Not Everyone's Motivation is the Same13 Oct 2013 | by Scott Nesbitt
That should be obvious, but as with many things that seem obvious, it isn’t the case. And there’s something that many people, who are ensconced in their own cocoons, don’t seem to realize or acknowledge:
We’re all different. We have different goals. We have different reasons for doing things. We have different motivations.
Why we do things, when we do them, and the degree to which we do them varies from person to person. It’s true of anything, from learning to self improvement to exercise.
A good example is language learning. There is a growing cadre of self-described linguists on the web these days. Some of them seem to collect languages in the way others collect trading cards. For that portion of the group, having an increasing number of languages under their belts is a mark of pride and a source of bragging rights. And some of them scoff at people who take up a language but who don’t aim for mastery or even fluency.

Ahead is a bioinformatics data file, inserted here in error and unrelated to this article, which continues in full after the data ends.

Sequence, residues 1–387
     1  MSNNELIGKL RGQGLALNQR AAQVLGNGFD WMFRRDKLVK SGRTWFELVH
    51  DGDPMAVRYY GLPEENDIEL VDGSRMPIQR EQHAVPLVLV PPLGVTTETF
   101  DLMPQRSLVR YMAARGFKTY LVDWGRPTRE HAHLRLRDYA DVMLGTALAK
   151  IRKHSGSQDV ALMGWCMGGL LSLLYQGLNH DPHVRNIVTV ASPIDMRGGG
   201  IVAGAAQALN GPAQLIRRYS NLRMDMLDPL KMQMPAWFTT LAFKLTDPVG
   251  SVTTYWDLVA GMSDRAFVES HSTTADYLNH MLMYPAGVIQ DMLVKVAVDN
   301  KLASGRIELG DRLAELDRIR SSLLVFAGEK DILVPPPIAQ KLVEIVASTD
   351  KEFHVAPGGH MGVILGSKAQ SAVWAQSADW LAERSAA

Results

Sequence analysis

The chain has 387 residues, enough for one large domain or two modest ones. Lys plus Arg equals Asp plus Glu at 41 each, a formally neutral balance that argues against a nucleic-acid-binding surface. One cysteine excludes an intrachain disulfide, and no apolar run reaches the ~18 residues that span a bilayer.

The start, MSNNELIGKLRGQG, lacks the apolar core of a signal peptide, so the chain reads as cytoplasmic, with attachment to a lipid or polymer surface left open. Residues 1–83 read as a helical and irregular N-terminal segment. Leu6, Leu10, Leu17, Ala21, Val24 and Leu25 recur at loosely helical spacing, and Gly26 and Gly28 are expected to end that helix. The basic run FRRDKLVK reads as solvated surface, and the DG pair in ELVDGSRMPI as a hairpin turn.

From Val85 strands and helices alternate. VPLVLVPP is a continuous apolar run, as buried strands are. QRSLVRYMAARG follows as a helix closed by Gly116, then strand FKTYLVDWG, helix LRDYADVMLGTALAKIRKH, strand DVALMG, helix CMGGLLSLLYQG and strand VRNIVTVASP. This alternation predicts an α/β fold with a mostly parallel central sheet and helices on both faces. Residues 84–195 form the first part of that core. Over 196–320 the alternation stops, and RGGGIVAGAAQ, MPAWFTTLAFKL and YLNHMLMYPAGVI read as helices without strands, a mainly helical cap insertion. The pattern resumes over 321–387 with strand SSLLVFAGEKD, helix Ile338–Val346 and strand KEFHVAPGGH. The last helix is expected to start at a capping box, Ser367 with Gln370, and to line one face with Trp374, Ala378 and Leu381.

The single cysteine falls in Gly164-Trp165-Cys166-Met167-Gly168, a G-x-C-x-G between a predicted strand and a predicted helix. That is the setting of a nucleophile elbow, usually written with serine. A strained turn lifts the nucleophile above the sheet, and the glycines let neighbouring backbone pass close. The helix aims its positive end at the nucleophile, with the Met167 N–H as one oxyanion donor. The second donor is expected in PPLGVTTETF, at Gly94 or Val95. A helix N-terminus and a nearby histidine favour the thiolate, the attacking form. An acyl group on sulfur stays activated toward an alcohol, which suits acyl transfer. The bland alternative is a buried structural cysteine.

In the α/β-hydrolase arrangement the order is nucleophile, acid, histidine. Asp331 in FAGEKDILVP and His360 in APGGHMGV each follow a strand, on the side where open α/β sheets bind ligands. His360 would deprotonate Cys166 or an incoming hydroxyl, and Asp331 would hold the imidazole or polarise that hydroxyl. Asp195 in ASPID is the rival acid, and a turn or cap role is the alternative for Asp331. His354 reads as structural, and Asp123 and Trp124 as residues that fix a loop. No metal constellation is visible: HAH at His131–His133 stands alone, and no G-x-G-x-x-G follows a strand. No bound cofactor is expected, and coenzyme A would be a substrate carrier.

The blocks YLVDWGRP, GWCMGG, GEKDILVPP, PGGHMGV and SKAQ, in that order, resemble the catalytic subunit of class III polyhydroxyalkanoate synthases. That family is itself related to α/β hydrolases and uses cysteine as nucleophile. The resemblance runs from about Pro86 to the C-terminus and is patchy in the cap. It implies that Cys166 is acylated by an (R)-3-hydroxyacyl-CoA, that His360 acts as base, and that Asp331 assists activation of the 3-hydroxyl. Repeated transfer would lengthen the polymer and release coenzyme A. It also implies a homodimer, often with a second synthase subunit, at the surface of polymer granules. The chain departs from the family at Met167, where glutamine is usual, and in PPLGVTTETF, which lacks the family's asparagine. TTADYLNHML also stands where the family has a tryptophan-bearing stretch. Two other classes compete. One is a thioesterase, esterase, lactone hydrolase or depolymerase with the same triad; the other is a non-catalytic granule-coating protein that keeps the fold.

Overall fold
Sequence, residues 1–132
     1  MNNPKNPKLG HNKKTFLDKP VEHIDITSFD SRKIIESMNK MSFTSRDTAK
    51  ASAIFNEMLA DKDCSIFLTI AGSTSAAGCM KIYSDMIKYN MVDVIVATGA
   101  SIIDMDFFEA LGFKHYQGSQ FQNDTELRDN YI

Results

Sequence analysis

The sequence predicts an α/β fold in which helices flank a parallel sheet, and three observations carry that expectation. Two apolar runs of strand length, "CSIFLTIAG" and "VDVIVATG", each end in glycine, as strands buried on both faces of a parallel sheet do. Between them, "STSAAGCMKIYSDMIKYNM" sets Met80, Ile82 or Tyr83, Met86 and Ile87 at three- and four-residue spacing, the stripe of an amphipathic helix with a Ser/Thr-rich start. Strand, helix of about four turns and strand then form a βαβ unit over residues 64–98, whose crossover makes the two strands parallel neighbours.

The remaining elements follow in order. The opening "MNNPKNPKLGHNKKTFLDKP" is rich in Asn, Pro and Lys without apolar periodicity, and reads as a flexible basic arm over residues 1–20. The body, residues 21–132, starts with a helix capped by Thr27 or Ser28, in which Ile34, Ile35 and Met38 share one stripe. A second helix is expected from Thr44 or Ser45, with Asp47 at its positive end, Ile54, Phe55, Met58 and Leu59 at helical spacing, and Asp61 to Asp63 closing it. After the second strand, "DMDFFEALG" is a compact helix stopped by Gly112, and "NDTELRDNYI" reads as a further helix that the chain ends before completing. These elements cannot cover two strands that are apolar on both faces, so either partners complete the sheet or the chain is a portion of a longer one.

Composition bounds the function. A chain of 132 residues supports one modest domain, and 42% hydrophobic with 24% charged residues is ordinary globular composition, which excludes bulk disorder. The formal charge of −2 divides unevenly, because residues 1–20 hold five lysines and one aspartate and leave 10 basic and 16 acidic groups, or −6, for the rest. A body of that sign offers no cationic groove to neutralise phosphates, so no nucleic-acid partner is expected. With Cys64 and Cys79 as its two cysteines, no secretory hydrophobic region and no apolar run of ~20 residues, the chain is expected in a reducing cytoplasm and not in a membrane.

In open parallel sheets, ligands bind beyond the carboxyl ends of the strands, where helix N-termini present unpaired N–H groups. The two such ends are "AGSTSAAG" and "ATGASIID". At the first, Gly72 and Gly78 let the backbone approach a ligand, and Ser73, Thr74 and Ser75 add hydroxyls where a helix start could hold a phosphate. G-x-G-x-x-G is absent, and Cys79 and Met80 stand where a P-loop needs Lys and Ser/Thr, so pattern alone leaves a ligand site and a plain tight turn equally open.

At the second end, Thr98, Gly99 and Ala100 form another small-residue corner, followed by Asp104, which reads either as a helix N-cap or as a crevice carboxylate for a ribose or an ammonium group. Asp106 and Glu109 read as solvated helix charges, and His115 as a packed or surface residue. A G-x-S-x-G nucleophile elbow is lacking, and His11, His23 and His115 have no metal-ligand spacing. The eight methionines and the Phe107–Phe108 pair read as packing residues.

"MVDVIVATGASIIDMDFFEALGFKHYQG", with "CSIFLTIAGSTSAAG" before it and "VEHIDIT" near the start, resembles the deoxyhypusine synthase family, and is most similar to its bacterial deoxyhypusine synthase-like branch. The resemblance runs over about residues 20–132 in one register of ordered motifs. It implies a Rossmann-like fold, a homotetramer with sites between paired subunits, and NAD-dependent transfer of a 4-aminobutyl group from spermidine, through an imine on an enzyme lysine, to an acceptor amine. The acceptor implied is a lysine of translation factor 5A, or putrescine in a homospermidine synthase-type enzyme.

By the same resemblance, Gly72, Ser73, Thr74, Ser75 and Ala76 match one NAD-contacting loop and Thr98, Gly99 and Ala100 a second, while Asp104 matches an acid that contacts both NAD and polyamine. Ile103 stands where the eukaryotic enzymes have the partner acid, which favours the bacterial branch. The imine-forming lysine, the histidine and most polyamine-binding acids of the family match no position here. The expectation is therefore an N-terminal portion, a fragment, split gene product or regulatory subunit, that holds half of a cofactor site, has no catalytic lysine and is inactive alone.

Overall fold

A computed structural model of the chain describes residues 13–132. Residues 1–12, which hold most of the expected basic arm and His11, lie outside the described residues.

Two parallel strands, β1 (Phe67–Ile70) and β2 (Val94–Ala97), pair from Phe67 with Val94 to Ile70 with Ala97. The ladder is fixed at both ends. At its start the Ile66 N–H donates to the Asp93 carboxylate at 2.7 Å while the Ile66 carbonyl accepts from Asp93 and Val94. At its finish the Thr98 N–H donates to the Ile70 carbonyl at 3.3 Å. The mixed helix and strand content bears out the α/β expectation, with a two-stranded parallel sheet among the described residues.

In that area, my motivation is far different from theirs. I’m not interested in learning a foreign language. Besides not having much ability in that area (I’m 0-3 in trying to pick up a foreign tongue), I really don’t have a compelling reason to do so. It’s not enough for me to learn German to a level of fluency that will enable me to, say, watch or listen to Deutsche Welle with comfort. It’s not reason enough for me to jump back on the horse to learn Japanese to better appreciate the movies of Kurosawa, Ozu, or Suzuki.
Since I have no compelling reason to do so, embarking on learning a foreign language would a pointless exercise and a waste of my time and energy. Whenever I plan to travel to a foreign country where the primary language isn’t English, I do make a point of learning the basics of that language. It makes the trip easier, and opens a few more doors. But it’s situational knowledge, which I quickly forget a short while after I return home. I don’t regret forgetting, or learning, that bit of a language.
It can take a while to realize that others have different motivations than you. When you finally realize that, however, you gain a bit of insight into not only others but yourself.Thoughts? Let's start a conversation on Twitter.
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